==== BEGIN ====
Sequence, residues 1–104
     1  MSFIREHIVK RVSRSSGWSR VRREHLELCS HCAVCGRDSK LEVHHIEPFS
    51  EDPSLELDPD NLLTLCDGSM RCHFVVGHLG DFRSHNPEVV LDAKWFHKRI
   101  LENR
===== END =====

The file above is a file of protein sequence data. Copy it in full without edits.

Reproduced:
Sequence, residues 1–104
     1  MSFIREHIVK RVSRSSGWSR VRREHLELCS HCAVCGRDSK LEVHHIEPFS
    51  EDPSLELDPD NLLTLCDGSM RCHFVVGHLG DFRSHNPEVV LDAKWFHKRI
   101  LENR